Gingerich: I just dialed a number and figured out what button to push to make it call out. [I thought], “ All kinds of things were going through my head. Khazan: How did that affect you, seeing information about your granddad on the Internet? Some of them do have a phone outside the house in a little shack. The thing is, if people do split off to a more a liberal church, the ones that stay, family members are divided, even. Gingerich: The family that I stayed with in Missouri for a few days, they knew the people in Harlingen, so they got me in touch.Khazan: The concept of phones, you were familiar with that? But after it was done, I felt pretty good about it, that I had accomplished it. I enjoy looking at different hashtags on Instagram and looking at pictures from all around the world. Gingerich: What got me the most was that my parents never talked to us about stuff like that. And that causes problems when there is a wedding, for example, because then some of the family members are not included as much in the wedding party as they would have been if they had stayed. Khazan: So you didn’t know English when you left, really?And then I got back on Plenty of Fish and [eventually] met my boyfriend. One thing that me and my boyfriend are doing is we don’t text much at all.
I’ve had a hard time expressing myself because I was so fearful thinking I’m being selfish if I do.
But I found out if I communicated right, it makes my life easier, and it makes life easier for other people because I’m not grumpy.
It sounds like people meet each other as teenagers at church sing-alongs. But if you like someone you immediately are supposed to spend the night in their bed, but not necessarily have sex.
Was it a weird adjustment, to use a website to find a boyfriend?
Khazan: Who picked up on the other end when you called? A lady that picked me up from the little town, the day that I left. Khazan: Where did you get your first non-Amish outfit? Khazan: Do you remember the first time you went on the Internet? I had no idea that my grandfather was such a horrible person. Gingerich: Because three of his sisters left, and I’m thinking it was all because of their dad. The people have a choice of staying where they’re at now or they can leave and join a different church, with less rules, I guess. Gingerich: Freedom to be able to go work outside the community, to be able to use a driver to go to work instead of horse and buggy. Gingerich: I had a difficult time speaking English, mainly because I was scared of what I was saying.
Gingerich: Some people donated clothes, which were way too big for me, to start with. I went to a thrift store first, because I didn’t have much money. Gingerich: I wanted to learn how to type, so I pulled up a Word document. I always wanted to be one of those people who didn't have to look at the keyboard. Gingerich: I started taking GED classes four or five months after I left. Khazan: What are some of your favorite websites now? I didn’t like him ever, while we were growing up, I hated going to his house because he was such a mean guy, but after I read some of that stuff, I thought, “Wow, no wonder my dad is so upset that I left.”I almost felt sorry for my dad at that point, because I think he probably blamed himself for not being able to keep me there. And my dad was not near the horrible person that his dad was, so he probably just couldn’t understand why I wanted to leave. I can just say what I think it is: Some people want a different lifestyle. And then there’s people who say, “No you can’t do that, that’s wrong,” and then they shun people. Khazan: So the thing that people want that’s different is more freedom? Worrying that I was saying something wrong, worrying that people wouldn’t understand me and I would have to repeat it. Gingerich: I don’t think it really hit me until I started my bachelor’s degree. I would wake up the next day and feel like, what was I crying about again? Khazan: Has technology ever failed you in a certain way?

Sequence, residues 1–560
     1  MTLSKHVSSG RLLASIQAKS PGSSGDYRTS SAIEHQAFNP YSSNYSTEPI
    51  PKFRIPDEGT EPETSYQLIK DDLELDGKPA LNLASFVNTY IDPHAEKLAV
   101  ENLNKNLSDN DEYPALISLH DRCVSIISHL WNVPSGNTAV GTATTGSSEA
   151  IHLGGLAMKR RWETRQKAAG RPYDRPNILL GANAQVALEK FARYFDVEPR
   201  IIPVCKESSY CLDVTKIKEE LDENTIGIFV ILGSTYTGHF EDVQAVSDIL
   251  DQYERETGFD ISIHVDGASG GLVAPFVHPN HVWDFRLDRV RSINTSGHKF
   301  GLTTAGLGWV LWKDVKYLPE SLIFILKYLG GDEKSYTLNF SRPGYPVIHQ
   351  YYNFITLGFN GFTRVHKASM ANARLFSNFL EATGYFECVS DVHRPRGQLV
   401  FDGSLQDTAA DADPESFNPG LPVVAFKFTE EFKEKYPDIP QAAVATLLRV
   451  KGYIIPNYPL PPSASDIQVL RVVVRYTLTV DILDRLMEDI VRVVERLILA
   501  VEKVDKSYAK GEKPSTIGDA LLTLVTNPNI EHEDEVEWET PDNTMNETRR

When she voiced her feelings to a family friend, he snuck her the phone number of an ex-Amish woman who would help with her escape. The rapid pace of technology, she says, is forcing the Amish community to grapple with big, existential questions like it never has before. They don’t use it, but I guess there's been so many people leaving and then going back home, so they're becoming more familiar with it. Khazan: What did you think of it when your GED program first said, here's this system of web pages where you can look up anything? I found a picture of him on the Internet and I just thought, I can’t believe he’s my grandfather.
A fellow rebellious teenager had given her a cellphone, which she kept hidden in her room until the right moment. Emma’s experience of entering this world of screens suddenly, and all at once, offers a fresh perspective on how our lives have changed since the digital revolution—for the better, and for the worse. We talked about how her views of technology have evolved ever since her escape, and how the Internet helped her unearth a dark family secret. At the time that I left, I just had a little cellphone that I was using as an aid to help me get out. I really don’t know how all that stuff got on the Internet in the first place.
I’ve had guys who were interested in dating me, but they would never call me, and I don’t like that.
I dated a guy for nine months in Stephenville, and we never once talked on the phone until the day after we broke up.
When Emma Gingerich left her Amish community in Eagleville, Missouri, she was 18 and had an eighth-grade education. The life that awaited most Amish women—one of cooking, cleaning, and child-rearing—never appealed to her.